Anyway, I remembered recently that while in Spain the first time being 19 I went to Barcelona and on the way back read a novel in Catalan. I had blanked out on the title, but then I remembered it was a detective novel called De mica en mica or something like that. It is some proverb or something. Googling that I found what novel it was fairly quickly, though unfortunately it is expensive to buy on amazon. I remember the revelation I had when I realized the helping verb anar (to go) is used not to mark the future, but the past. So vaig anar means I went, not "I am going to go." Reading along, your brain processes things. The two thousand most common words are repeated relentlessly; there are other cognates; and you assimilate grammatical concepts as well. Words you don't know you either guess from the context or ignore. It doesn't work if you know nothing of a language; you have to at least have enough to follow a plot.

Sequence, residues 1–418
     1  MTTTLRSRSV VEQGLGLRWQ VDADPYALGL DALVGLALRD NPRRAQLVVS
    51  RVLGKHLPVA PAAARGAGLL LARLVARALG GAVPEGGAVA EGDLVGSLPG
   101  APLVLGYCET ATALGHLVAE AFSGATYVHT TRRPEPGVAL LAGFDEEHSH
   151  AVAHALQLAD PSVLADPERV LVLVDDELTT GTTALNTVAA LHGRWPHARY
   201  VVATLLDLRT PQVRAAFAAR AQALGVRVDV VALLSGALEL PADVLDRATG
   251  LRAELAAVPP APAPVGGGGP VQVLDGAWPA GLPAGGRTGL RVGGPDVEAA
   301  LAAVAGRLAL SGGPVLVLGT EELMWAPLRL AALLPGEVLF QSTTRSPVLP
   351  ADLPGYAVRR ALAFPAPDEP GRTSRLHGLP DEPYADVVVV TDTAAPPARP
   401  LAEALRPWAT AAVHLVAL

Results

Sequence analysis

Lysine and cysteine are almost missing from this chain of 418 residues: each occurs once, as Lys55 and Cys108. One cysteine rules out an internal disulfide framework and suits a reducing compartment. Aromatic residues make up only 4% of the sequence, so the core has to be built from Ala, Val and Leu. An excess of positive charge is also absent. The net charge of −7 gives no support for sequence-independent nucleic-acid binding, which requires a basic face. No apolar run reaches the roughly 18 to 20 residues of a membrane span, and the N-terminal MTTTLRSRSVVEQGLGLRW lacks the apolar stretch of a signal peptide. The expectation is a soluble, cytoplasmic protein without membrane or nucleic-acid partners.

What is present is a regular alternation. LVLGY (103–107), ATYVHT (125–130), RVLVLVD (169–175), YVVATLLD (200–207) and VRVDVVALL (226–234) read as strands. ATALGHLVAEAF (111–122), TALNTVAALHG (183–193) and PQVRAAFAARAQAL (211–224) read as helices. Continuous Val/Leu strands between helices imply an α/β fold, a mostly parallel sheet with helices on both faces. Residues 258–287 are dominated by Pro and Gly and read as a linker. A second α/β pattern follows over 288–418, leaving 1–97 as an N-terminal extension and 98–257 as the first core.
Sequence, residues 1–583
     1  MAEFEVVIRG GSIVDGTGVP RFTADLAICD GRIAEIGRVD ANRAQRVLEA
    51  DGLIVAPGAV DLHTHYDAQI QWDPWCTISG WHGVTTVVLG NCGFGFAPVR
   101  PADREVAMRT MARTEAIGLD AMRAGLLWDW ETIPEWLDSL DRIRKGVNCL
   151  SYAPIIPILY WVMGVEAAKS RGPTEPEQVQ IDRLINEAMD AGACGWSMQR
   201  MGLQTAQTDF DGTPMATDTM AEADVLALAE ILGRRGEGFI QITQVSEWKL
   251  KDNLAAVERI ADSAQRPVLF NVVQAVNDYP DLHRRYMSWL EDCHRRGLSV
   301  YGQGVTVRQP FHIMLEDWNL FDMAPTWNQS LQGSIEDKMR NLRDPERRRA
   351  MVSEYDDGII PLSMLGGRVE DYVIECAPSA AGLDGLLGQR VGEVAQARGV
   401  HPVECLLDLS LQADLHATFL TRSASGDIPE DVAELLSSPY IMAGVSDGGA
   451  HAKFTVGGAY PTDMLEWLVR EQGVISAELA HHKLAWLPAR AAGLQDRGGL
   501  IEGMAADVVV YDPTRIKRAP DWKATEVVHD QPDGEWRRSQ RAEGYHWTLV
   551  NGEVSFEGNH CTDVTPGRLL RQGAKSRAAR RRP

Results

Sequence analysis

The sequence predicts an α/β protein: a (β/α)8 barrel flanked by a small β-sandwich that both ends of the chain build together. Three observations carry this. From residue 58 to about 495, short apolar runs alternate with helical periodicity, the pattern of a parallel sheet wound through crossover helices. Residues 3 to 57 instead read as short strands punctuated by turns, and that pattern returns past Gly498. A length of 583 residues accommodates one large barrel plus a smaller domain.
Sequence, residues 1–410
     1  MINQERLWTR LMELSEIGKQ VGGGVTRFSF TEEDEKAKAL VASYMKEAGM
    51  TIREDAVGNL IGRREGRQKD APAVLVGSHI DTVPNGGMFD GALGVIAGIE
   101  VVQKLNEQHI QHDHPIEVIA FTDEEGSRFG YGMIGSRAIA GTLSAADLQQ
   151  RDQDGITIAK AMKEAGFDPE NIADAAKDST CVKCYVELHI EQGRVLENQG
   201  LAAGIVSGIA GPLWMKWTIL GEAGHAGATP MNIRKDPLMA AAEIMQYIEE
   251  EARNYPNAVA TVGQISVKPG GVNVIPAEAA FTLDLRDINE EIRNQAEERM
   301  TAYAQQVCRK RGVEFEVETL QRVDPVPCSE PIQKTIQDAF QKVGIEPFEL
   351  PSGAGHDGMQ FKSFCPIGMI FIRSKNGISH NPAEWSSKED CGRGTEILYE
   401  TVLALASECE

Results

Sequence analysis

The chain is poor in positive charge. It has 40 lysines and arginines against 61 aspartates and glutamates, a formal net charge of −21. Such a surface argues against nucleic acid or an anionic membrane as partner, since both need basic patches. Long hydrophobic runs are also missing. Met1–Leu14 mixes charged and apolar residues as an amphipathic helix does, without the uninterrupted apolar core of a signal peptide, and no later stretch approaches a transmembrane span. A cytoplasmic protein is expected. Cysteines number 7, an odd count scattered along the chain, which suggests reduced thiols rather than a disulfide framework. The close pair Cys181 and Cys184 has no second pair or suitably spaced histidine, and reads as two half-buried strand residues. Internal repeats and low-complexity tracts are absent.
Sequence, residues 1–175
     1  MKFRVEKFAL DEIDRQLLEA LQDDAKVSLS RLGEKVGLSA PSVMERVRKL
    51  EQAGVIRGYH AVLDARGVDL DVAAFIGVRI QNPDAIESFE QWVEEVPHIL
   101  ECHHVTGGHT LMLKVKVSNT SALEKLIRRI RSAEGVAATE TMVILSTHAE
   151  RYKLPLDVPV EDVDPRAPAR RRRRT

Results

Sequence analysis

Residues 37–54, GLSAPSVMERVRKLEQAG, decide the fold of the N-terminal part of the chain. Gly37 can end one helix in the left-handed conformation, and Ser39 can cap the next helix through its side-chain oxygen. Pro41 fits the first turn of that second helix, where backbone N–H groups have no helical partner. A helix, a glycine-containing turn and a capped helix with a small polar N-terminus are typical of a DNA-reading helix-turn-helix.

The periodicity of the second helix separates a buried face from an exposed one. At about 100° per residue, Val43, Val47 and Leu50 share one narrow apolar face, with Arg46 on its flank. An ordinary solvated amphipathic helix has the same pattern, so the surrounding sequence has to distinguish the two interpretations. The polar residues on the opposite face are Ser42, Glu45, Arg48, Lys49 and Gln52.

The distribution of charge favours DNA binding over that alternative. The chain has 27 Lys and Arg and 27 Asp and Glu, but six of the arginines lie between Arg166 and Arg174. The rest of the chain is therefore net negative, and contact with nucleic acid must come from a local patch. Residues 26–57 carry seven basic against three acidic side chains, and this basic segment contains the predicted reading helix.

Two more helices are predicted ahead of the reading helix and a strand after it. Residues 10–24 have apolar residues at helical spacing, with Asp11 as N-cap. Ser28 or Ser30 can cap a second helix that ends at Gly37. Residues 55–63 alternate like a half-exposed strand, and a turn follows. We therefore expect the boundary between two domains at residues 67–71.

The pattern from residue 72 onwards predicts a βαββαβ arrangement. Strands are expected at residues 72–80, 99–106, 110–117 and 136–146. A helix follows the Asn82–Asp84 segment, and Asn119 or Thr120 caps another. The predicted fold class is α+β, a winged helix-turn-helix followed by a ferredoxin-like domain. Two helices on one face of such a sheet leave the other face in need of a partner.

Scholarly writing and how to get it done. / And a workshop for my own ideas, scholarly and poetic
I am posting this as a benchmark, not because I think I'm playing very well yet. The idea would be post a video every month for a ye...
Tuesday, July 14, 2020
de mica en mica
I have this thing where I want to have reading knowledge of every major Romance language & German, maybe modern Greek if I get to that. Anyway, I judge this by being able to read a novel in the given language. I can do this in Spanish, French, Italian, Catalan, and Portuguese, more or less. I have ordered a Romanian novel and it will arrive soon. I'm studying Romanian on duolinguo, which is not the best, but it is ok. Novels are good because you can spend a long time with them and get absorbed in them. I actually like the experience of not understanding everything, so that my understanding of the plot depend on an imperfect understanding of the language. I am not fond of novels anyway, so this provides an extra cognitive interest, like trying to discern objects in the darkness.
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